WASHINGTON, May 26 (AFP): The US Senate adopted Thursday sweeping reforms of immigration law that would allow millions of undocumented workers to seek legal status in the United States.
The bill passed 62-36 despite deep divisions within the majority Republican Party and among Americans.
The Senate bill has the backing of Republican President George W Bush and bipartisan support of Republican Senator John McCain and Democratic Senator Edward Kennedy.
However, its final adoption is not guaranteed, as it differs sharply from a tougher bill passed in the lower House of Representatives, and the two must be reconciled.
The Senate bill would create 200,000 temporary work visas for foreigners who take low-skill jobs here, and double the number of US Border Patrol agents on the border with Mexico.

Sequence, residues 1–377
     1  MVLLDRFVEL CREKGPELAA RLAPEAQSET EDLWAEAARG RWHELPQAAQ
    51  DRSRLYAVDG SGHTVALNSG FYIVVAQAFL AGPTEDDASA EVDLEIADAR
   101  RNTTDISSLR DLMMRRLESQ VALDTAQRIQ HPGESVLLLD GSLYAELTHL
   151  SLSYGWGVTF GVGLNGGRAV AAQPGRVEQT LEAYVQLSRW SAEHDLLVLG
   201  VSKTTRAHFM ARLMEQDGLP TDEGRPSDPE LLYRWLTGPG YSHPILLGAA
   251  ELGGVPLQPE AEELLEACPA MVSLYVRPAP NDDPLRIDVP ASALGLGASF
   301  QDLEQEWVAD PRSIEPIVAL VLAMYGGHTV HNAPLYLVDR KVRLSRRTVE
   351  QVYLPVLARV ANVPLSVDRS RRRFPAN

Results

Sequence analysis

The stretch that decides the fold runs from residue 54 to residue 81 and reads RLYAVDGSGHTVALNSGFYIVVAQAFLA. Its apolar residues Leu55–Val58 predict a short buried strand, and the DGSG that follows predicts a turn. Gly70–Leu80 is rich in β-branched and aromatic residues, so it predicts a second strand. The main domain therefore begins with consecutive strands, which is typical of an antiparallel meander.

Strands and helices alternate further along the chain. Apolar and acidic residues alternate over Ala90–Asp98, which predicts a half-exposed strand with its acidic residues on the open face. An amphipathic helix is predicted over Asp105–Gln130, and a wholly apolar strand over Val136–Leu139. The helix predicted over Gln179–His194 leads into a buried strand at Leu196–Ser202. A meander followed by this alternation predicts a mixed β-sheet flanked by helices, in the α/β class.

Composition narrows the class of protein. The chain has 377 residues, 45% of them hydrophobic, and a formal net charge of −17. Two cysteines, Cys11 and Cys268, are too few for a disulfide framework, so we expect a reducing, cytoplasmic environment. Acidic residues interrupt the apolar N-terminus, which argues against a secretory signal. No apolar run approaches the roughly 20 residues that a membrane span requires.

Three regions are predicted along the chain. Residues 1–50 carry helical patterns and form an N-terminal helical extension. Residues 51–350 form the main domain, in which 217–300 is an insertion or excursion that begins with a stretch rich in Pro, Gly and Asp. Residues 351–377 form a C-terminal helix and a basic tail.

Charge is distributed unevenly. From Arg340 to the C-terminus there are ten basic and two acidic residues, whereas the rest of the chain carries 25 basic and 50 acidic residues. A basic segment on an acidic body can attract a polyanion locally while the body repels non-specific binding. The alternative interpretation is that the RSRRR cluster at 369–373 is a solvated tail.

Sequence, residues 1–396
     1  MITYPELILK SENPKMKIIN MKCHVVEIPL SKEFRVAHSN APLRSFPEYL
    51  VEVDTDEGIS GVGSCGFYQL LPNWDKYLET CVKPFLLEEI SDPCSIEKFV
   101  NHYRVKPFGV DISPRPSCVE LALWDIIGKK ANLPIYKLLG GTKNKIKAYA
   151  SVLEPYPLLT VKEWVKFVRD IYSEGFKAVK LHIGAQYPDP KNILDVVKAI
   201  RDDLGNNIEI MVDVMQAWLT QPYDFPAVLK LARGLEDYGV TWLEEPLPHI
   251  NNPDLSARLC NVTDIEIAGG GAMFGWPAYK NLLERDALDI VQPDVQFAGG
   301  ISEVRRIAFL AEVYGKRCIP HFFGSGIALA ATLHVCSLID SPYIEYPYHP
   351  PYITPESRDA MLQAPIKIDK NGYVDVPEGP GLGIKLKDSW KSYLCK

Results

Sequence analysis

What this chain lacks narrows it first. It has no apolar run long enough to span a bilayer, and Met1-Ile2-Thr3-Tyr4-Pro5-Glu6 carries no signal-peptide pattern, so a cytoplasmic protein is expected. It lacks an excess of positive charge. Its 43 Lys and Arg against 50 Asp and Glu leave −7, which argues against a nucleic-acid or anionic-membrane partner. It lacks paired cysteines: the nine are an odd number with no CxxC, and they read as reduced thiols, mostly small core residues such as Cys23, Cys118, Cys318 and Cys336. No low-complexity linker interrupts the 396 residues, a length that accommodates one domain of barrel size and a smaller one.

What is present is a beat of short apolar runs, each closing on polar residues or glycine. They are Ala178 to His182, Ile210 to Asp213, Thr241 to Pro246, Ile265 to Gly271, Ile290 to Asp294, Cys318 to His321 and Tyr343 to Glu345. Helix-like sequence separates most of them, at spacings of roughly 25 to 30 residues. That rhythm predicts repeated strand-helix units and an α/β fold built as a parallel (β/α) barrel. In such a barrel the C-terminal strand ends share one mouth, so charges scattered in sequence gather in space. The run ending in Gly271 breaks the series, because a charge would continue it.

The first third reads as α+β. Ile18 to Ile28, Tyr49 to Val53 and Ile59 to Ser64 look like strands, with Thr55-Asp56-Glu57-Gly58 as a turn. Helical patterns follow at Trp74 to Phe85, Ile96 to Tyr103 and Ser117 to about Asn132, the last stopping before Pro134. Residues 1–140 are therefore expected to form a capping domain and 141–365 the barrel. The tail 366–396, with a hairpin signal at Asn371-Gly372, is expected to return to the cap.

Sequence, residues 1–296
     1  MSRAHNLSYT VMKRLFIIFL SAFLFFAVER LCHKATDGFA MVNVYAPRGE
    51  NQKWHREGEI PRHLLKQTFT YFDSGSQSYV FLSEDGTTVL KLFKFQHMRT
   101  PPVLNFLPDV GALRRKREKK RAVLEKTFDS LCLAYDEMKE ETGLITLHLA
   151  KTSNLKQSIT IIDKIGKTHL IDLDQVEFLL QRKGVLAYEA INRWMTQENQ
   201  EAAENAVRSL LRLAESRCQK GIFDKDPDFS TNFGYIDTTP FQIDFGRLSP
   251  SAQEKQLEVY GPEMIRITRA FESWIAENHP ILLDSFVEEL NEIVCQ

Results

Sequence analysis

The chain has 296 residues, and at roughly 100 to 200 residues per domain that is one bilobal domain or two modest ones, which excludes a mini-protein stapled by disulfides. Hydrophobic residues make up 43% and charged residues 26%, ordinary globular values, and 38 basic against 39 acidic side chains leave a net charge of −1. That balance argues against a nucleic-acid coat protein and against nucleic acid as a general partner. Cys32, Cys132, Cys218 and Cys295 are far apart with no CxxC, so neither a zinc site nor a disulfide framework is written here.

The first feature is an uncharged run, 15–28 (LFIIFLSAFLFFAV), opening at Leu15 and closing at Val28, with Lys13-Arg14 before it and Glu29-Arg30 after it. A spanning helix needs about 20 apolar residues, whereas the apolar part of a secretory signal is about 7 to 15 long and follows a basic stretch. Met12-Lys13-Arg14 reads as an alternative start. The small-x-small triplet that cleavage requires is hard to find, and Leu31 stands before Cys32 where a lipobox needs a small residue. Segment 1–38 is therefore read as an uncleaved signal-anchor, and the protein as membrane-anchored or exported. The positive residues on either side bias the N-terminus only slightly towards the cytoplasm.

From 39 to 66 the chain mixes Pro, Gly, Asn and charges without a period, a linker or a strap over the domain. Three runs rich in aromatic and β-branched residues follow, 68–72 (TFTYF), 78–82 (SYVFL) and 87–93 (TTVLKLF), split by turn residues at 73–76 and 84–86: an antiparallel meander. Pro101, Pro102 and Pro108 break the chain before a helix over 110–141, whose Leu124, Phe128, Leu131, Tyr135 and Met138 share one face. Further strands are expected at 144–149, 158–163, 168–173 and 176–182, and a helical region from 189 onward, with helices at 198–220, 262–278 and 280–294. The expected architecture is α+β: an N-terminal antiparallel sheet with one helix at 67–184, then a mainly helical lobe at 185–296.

Most controversial is a provision that would allow many of the estimated 11.5 million foreign workers here illegally, many of them Mexican, to gain legal status.
The bill also includes funding to build a 600 kilometre (370 miles) wall along the Mexican border to block illegal entry.
The consequences of reform are so great for both countries that Mexican President Vicente Fox is on a three-day visit to the United States to discuss immigration and labour with US business and political leaders.